On 7th June 2021, the Food and Drug Administration (FDA) approved a new treatment for Alzheimer’s patients in the US. This is the first treatment to be approved in almost two decades, and the first to target the cause of Alzheimer’s disease rather than just the related symptoms. However, gaps in clinical trial data have left developers, Biogen, requiring further trials. What is new about this treatment and what do the data show so far?
We're all aware of our metabolism and whilst we may not have control over it, our metabolism may play a role in the effectiveness of, and side-effects from, certain medications. It isn't one size fits all. Do we need to rethink how we deliver drugs?
After a turbulent year of science, we want to hear from you! Specifically our younger cohort. If you are between 10-18 years old, this one's for you. Here at A Short Scientist, we want to inspire younger generations to find a love for science. Therefore, over the month of February we're running our third annual science writing competition!!
To many, time is a way of telling us when to do things or expect things to be done: when to meet, when to eat, when to sleep, but what is the scientific definition of time? One source defines it as the "indefinite and continuous duration...in which events succeed one another", meaning the past is the past and the future will always come after, a linear perception. However, what if time isn't linear and our perception is wrong? Strap in.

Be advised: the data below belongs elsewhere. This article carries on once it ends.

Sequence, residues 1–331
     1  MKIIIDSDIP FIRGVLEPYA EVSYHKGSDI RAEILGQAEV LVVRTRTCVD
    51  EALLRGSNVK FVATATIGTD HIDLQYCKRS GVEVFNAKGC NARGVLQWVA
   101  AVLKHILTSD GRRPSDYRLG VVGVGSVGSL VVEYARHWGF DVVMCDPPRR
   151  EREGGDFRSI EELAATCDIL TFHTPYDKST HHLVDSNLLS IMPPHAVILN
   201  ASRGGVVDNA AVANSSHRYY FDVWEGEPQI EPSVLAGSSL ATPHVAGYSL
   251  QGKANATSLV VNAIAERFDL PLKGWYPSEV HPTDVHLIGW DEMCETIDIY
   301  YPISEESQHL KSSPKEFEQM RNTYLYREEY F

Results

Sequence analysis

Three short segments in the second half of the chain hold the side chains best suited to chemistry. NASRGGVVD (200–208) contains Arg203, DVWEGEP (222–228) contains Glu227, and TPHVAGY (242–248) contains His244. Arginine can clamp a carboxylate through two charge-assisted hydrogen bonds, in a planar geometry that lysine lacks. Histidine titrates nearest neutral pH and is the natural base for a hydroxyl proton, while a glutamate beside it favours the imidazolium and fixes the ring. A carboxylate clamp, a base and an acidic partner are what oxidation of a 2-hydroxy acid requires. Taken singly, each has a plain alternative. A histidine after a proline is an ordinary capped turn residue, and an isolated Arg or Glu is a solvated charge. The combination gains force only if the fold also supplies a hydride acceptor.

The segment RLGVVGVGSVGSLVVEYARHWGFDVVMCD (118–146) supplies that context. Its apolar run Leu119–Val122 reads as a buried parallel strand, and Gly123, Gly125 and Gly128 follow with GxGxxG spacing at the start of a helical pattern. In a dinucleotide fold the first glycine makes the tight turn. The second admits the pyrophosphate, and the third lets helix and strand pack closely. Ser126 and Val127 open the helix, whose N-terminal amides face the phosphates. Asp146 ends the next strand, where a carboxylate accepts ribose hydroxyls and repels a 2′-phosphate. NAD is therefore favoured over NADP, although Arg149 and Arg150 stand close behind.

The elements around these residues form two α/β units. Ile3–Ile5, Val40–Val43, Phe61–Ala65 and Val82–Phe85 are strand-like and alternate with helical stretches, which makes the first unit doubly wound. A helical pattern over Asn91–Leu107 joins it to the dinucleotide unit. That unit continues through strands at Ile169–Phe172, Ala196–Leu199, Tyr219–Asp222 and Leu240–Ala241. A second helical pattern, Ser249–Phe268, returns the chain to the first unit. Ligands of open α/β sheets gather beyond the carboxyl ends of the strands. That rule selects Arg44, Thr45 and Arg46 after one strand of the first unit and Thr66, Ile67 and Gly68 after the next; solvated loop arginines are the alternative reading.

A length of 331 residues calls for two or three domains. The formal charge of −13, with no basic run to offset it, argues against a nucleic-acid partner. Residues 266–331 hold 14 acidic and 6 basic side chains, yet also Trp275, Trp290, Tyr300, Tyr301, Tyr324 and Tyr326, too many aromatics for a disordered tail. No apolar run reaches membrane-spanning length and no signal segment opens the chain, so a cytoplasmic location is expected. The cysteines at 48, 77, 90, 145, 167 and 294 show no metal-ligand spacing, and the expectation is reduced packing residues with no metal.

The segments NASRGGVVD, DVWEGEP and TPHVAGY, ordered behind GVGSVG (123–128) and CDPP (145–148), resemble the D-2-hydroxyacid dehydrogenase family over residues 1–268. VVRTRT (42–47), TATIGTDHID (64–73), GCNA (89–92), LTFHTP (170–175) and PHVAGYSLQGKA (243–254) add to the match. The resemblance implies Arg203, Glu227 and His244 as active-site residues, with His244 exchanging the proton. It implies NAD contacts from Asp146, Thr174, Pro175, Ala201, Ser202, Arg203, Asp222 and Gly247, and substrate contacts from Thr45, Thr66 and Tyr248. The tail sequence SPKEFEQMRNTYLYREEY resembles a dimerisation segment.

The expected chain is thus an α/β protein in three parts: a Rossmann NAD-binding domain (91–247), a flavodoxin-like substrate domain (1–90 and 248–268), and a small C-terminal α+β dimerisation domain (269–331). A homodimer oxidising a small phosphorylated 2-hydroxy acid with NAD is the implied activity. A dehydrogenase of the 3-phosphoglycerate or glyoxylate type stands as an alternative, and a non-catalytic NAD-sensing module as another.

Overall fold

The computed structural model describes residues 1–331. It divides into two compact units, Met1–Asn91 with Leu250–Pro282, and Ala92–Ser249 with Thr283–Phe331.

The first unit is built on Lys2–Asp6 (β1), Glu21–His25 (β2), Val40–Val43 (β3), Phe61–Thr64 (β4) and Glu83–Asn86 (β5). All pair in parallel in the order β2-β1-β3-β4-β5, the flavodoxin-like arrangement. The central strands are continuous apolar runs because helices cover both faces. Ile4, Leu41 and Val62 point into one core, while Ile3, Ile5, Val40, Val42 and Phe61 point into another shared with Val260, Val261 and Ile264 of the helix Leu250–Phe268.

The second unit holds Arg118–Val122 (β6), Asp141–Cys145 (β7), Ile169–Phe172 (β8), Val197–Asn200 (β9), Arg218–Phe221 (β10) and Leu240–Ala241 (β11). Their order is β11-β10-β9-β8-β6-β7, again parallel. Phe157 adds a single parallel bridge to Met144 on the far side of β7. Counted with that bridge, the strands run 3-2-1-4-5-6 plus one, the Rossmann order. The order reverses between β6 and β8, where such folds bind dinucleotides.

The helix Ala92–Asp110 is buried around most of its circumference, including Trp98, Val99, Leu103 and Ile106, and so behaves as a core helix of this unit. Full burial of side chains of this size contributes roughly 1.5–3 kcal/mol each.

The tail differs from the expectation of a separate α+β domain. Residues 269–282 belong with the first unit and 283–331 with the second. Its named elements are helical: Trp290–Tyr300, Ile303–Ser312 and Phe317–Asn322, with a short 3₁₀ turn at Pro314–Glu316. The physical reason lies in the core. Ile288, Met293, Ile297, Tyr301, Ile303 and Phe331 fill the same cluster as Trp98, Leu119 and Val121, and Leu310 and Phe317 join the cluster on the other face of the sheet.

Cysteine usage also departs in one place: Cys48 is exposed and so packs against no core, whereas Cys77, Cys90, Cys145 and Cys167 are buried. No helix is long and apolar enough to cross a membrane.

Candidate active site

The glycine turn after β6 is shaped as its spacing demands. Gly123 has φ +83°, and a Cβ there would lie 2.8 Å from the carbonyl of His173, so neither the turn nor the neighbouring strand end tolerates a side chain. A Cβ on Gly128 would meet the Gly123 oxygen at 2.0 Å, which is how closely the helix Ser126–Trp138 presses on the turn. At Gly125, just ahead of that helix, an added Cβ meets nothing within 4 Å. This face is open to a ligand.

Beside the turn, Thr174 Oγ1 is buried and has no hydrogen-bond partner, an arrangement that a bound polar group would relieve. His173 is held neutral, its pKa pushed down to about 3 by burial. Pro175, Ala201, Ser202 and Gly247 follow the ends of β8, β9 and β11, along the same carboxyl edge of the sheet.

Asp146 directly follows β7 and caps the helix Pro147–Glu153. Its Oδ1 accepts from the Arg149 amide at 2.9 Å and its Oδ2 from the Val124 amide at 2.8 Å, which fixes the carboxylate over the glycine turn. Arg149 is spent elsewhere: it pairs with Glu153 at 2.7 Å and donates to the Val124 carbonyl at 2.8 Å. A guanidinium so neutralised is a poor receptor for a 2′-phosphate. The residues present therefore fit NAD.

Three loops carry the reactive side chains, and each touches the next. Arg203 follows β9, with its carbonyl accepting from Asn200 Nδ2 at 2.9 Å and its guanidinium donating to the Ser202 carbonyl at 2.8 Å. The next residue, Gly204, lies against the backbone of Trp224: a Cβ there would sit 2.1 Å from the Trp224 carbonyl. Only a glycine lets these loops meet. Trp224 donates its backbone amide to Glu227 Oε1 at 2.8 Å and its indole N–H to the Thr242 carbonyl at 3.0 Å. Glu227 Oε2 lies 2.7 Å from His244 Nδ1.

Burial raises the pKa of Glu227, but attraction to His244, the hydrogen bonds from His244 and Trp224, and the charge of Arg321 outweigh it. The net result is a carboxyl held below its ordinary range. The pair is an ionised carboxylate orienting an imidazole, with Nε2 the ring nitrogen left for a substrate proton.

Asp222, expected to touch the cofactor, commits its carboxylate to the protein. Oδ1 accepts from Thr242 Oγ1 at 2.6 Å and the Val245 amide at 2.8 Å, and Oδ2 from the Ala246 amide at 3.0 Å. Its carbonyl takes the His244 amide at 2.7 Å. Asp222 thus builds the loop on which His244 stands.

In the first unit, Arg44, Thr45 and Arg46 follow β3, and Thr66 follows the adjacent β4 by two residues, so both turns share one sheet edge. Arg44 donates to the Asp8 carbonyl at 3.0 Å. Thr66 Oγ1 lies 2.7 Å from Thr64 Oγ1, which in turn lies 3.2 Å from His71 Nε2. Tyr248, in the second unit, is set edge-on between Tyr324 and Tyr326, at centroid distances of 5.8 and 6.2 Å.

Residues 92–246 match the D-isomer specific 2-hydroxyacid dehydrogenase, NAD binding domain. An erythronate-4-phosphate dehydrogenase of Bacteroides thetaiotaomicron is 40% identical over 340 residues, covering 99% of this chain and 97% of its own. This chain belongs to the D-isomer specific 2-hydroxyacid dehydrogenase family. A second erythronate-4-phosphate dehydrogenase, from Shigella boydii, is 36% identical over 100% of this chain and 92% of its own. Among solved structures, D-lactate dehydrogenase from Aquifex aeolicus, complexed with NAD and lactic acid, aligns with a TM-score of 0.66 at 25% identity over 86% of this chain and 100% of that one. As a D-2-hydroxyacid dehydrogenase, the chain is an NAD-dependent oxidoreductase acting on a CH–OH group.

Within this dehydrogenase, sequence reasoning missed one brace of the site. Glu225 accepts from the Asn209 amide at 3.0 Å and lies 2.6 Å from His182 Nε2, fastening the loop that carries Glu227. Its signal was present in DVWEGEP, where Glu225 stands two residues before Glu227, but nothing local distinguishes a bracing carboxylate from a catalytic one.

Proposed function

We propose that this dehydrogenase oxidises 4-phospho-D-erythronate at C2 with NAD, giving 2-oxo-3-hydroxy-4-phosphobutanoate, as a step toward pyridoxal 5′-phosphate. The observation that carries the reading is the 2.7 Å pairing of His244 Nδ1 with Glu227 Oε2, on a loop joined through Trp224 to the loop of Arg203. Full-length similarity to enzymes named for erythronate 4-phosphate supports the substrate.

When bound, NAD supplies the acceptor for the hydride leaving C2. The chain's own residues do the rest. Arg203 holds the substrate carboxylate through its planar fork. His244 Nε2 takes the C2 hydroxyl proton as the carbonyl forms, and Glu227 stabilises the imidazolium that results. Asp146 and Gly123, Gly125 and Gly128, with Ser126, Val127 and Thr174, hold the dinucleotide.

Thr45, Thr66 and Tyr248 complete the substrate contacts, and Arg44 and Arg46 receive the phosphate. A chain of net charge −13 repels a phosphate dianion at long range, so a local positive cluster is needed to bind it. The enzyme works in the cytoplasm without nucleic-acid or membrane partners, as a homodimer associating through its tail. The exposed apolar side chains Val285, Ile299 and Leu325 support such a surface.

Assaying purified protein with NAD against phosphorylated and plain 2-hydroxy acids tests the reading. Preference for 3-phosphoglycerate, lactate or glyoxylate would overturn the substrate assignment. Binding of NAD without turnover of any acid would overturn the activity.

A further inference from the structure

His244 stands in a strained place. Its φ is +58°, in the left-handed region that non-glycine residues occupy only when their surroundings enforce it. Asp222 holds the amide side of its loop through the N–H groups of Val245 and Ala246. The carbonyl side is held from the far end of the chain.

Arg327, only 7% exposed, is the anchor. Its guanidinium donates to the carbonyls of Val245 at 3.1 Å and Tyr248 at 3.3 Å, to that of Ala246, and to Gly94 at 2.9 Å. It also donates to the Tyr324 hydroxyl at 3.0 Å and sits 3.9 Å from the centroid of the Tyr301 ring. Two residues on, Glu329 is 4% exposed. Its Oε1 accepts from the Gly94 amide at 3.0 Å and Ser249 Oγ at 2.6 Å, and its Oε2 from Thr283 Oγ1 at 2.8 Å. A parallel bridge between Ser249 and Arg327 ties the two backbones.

After another year of inundating you with the latest science, we want to hear from you! Specifically, our younger cohort. If you are between 10-18 years old, this one's for you. Here at A Short Scientist, we want to inspire younger generations to find a love for science therefore, over the month of February we're running a science writing competition!
Unless you've been living under a rock, you cannot have missed the headlines about the Coronavirus. Examples from The Independent and The Sun read respectively: "Death toll reaches 106 as Boris Johnson says UK ‘urgently exploring’ options to evacuate Britons from Wuhan" and "Fears over rise in coronavirus cases in patients who’ve NEVER been to China". The media have gone a bit wild, possibly taking focus away from other imminent events...but what's the science, should we be worried, and is this a pandemic?
I've loved creating every single one of the articles for AShortScientist, it is a creative break for me, exploring two of my passions: Science and Doodling. To celebrate two years of the AShortScientist blog, we look back at the top ten articles from the last two years, simply follow the article links! Thank you to every person that has taken time to read, comment on and share my work, it really does mean the world. This little blog has achieved much more than I ever expected.
Every year, approximately 15 million babies are born prematurely and half do not survive. Research is investigating whether we could continue fetal growth in an artificial womb, to enhance an extremely premature baby's chances of survival. Is this the next medical marvel, or the stuff of horror films?
This year is the 150th anniversary of the Mendeleev periodic table which is used across the sciences today. It is also the Royal Society of Chemistry's (RSC) Chemistry week (it's ok, you weren't likely to remember), so as well as highlighting the magnificent periodic table, I thought I'd give you an insight into my favourite element: Carbon.